The sample of whey which has been withdrawn generally contains fines, which are separated off before the sample is mixed with the indicator. A number of clarifying techniques such as filtration and centrifugation may be used. However, it is preferred to employ a settling tube from which clarified whey is withdrawn at an upper end thereof.
In one embodiment of the invention, the absorption of the mixture is determined at a single wavelength. Knowing the exact concentration of the indicator it is then possible to calculate the whey pH. Alternatively, a dye which is unaffected by changes in pH could be added to the indicator to act as a standard and its concentration measured by absorption at a different wavelength. Preferably, a differential colorimeter is employed, wherein a mixture of whey with an aqueous indicator solution is passed through one cell and a mixture of whey and water is passed through the other cell to provide a blank comparison. A suitable indicator has been found to be 4-nitrophenol which has a pKa of about 7.1. This indicator shows a low tendency to bind to protein in the whey.
In this embodiment, for maximum sensitivity the indicator is preferably chosen such that if the coloured form is in the alkaline region, the pKa is greater than the pH of the whey; and vice-versa if the indicator is coloured in the acid region.
In another embodiment, an indicator having two absorbances in the visible region is used and the ratio of the absorptions of the mixture at the two wavelengths is determined.
The indicator should have a pKa value which lies in the pH region of interest. This ensures that each of the two absorbances has a measurable value over the pH range. Generally, the indicator will have a pKa value in the region 5.5 to 7.0. Preferred indicators include bromocresol purple, methyl red, and chlorophenol red. Bromocresol purple is the preferred indicator and has a pKa value of 6.3. The non-ionised form of the indicator absorbs at 433 nm and the ionised form absorbs at 591 nm.
Preferably, the mixture including the indicator is passed sequentially through two cells of a spectrophotometric comparator. The pH is determined from the ratio as follows.
The dissociation constant Ka is related to the concentration of hydrogen ions H+, the concentration of ionised indicator I- and non-ionised form HI by the equation (1) ##EQU1## pH is determined from equations (2) and (3) ##STR1## where C, D and E are constants. The value of E is the ratio of the absorbance at 433 nm to that at 591 nm for the indicator totally in the ionised I- form.
Binding of the indicator to proteins in the whey has proved to be a problem in some circumstances and can lead to errors in the pH measured. It is thus desirable to choose an indicator which shows minimum binding to the proteins. It is also possible to add a substance which competes successfully with the indicator in binding to the proteins, for example 2-naphthalene sulphonate.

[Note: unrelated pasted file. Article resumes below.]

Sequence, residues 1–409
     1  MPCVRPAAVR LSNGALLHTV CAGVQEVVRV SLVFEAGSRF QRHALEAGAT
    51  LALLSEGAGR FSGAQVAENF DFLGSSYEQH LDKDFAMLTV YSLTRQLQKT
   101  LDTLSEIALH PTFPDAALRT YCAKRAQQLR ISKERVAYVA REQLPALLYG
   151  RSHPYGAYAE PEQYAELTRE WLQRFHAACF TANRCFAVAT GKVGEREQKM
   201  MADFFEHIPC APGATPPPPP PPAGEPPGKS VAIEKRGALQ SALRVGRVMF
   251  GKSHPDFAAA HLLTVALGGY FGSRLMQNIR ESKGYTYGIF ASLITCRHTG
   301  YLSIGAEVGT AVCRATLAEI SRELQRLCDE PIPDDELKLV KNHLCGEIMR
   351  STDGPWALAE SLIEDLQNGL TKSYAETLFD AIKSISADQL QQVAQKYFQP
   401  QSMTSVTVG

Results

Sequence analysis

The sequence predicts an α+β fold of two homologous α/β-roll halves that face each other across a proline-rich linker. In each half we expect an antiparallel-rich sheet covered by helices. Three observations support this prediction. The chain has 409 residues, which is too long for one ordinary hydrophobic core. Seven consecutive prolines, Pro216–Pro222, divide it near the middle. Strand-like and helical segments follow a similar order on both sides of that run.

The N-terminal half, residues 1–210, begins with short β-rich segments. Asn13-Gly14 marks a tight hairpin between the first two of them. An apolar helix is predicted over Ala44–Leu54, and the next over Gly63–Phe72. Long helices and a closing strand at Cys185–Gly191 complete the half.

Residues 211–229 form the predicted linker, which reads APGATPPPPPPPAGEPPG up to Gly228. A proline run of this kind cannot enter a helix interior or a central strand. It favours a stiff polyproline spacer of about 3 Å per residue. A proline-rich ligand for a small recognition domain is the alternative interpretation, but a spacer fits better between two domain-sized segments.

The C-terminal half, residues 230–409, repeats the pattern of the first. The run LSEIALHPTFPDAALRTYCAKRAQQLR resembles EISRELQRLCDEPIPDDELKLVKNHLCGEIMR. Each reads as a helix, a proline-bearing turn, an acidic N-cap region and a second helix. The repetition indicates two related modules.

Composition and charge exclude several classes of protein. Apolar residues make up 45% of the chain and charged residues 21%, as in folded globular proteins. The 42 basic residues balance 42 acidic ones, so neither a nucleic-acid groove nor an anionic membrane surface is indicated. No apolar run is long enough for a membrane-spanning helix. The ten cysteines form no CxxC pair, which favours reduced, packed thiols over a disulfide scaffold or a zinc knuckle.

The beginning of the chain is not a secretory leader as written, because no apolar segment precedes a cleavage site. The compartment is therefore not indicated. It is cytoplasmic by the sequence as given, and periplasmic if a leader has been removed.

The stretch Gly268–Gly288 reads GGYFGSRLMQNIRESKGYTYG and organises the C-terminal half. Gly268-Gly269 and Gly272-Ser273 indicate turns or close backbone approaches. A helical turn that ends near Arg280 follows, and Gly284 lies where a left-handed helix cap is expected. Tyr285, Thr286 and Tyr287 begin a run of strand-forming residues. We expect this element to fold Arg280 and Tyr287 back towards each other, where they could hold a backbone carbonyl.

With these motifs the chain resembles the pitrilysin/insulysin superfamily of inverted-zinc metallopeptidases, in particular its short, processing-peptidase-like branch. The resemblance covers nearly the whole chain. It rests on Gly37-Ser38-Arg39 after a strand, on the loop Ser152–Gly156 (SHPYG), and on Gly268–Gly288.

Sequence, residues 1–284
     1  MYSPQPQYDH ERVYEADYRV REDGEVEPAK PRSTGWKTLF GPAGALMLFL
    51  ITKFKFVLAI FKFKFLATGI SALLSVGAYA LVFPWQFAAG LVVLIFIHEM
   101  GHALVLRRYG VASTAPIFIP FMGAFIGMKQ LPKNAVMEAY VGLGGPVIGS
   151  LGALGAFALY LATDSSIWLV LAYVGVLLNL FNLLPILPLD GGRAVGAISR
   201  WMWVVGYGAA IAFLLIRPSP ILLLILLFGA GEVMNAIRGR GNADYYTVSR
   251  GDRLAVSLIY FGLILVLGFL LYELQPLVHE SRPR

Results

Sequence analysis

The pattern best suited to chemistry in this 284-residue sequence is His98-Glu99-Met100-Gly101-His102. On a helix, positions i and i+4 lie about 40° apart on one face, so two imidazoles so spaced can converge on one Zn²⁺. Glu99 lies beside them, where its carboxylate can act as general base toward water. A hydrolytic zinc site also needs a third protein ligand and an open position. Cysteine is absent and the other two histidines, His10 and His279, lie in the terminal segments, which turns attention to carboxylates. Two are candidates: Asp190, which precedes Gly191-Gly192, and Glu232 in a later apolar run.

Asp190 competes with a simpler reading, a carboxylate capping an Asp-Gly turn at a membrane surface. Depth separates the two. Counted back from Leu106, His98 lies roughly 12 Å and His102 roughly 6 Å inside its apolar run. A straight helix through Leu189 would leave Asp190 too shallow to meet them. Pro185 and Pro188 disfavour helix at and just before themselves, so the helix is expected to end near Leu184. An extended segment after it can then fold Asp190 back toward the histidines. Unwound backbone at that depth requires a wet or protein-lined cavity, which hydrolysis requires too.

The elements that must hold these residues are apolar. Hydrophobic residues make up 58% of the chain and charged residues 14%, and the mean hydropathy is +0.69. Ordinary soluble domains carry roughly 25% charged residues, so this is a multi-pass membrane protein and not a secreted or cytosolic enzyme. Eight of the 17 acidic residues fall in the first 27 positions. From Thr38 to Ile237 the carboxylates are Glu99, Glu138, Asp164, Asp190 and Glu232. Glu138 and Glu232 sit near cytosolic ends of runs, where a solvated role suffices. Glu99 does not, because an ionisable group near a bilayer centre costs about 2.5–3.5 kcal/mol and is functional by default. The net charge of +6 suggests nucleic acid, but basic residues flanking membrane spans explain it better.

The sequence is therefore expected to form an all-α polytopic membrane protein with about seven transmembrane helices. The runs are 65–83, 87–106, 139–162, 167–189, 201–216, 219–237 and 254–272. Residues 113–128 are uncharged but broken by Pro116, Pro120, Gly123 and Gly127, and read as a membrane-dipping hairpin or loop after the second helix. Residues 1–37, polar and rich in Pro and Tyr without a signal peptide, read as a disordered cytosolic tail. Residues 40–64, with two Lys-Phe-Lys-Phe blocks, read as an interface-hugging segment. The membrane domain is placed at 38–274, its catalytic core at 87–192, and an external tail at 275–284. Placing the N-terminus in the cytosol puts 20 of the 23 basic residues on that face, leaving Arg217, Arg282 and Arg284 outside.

Experiments have shown that possible errors arising from binding of calcium ions present in the whey to the indicator are generally negligible.
In this way, the pH of the whey may be continuously monitored during the processing of the curd and whey mixture. When the whey has reached the desired pH, the whey is then drawn off according to known techniques. However, it is desirable in an industrial cheese making process that the processing of the curd and whey be accomplished within a constant time interval. Under such circumstances, the monitoring of the pH may be used to give information regarding control of the processing conditions such that the desired pH is attained at the end of the given time interval. For example, monitoring of the pH may be used to control the amount of starter added to a subsequent batch of milk. Alternatively, the temperature of a subsequent batch may be modified so as to speed up or slow down the process.
The process may be further controlled by conducting separate trials relating to the growth rate of bacteria in the starter used to coagulate the milk, so as to ascertain the activity of the starter before it is added to a batch of milk. It may also be desirable to conduct small scale coagulation trials so as to establish the general processing conditions required for each batch. In this way variations in parameters such as milk type and quality and starter activity can be allowed for.
After the curd has been separated from the whey, the curd is further processed according to known techniques to produce the finished cheese.
The invention also provides an apparatus for use in the process.
Embodiments of the present invention will now be described by way of example only, with reference to the accompanying drawing, which is a block diagram of a whey sampling system.
In the drawing, the mixture of curd and whey is contained in vat V. Whey is sucked out of the vat through settler S1 in which the rate of withdrawal of whey is much less than the rate of settling of the curd fines suspended in the whey. The clarified whey then passes to a further settler S2 and the further-clarified whey is withdrawn from the top, whilst the remaining whey is removed from the bottom outlet.